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The evolution of vehicle air conditioning industry


The evolution of vehicle air conditioning industry

The evolution of vehicle air conditioning: from heavy, polluting units to light, environmentally friendly ones

Car air conditioning has undergone major changes. Here, you will learn a little about the history and development of this essential device.

Air conditioning was first introduced in the 1930s and has since become a standard feature in most cars. At this time, manufacturers began experimenting with ways of cooling car interiors. 

The Packard Motor Company was the first car manufacturer to introduce air conditioning units in its cars in 1939. These units were manufactured by Bishop and Babcock (B&B) of Cleveland, Ohio, and were installed in around 2,000 vehicles. The system consisted of an evaporator, a compressor, a condenser, and an expansion valve.

The evaporator was inside the car, while the condenser was mounted outside. The car's engine drove the compressor, and the expansion valve regulated the flow of refrigerant gas through the system, which captured the hot air from outside, passed it through the evaporator, which cooled and dehumidified the air, and then blew the cooled air into the car.

Over time, there were some complaints. For example, the main evaporator and inflation system took up half the space in the trunk.

Over time, more efficient air conditioning systems emerged, especially in the post-war years, which made the Packard system less attractive to car buyers.

Another problem with the Packard system was its lack of a temperature thermostat or shut-off mechanism. So, in addition to turning off the fan, it also allowed cold air to enter the car while it was moving. The high price was another factor that bothered buyers. So, in 1941, the option was discontinued.

In the 1940s and 1950s, car air conditioning systems became more common but were still considered a luxury. In addition, the first systems also consumed a lot of energy and were not very efficient.

In the 1960s, car air conditioning systems became more compact, efficient, and economical. One of the main innovations of this era was the introduction of the hermetically sealed compressor, which was smaller and more efficient than previous models and didn't require as much maintenance.

Another innovation of the 1960s was the introduction of the first fully automatic air conditioning system. This system used sensors to monitor the temperature and humidity inside the car and automatically adjusted the temperature and fan speed to maintain a comfortable environment.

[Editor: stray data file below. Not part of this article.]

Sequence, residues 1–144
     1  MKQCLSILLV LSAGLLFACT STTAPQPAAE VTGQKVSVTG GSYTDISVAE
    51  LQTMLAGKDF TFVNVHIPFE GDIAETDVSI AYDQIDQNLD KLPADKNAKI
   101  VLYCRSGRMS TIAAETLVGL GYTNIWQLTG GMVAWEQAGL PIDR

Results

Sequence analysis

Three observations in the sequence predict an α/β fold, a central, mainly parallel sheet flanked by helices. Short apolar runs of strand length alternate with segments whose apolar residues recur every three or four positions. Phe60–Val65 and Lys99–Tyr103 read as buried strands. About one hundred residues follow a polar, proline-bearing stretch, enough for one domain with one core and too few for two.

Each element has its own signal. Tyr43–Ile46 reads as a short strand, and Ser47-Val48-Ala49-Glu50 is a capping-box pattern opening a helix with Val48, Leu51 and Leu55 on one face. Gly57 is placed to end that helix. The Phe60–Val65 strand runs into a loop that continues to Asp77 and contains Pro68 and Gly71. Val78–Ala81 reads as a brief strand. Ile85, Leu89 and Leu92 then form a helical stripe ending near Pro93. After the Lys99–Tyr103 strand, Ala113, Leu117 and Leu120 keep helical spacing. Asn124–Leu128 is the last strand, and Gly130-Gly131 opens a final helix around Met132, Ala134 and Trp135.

In the 1970s and 1980s, car air conditioning systems continued to evolve. They became even more efficient and more environmentally friendly. In the 1990s, car manufacturers began using new refrigerants, such as R-134a, which are less environmentally harmful.

One of the main developments of the 1970s was the introduction of the "cyclonic clutch" compressor. This type of compressor only worked when needed, which helped reduce energy consumption and improve the air conditioning system's efficiency.

In the 1980s, car manufacturers began using more advanced electronic controls for the air conditioning system. These controls allowed for more precise temperature and humidity control and better energy efficiency. 

In the 1990s and 2000s, car air conditioning systems became more compact, lighter, more efficient, and more integrated into the car's overall design.

Another innovation of the 2000s was the automatic adjustment of temperature and fan speed for optimum comfort and energy efficiency.

The future is now

The future of car air conditioning will likely be driven by several trends, such as the growing attention paid to environmental sustainability. Car manufacturers will likely continue to develop air conditioning systems that are more energy efficient and use more environmentally friendly refrigerants and components.


The history of automotive air conditioning is one of invention, development, and evolution. It has evolved from the bulky and expensive systems of the 1930s to today's compact, efficient, and environmentally friendly systems. It's been a long road that has changed for the better.


Timeline of Air Conditioning Evolution


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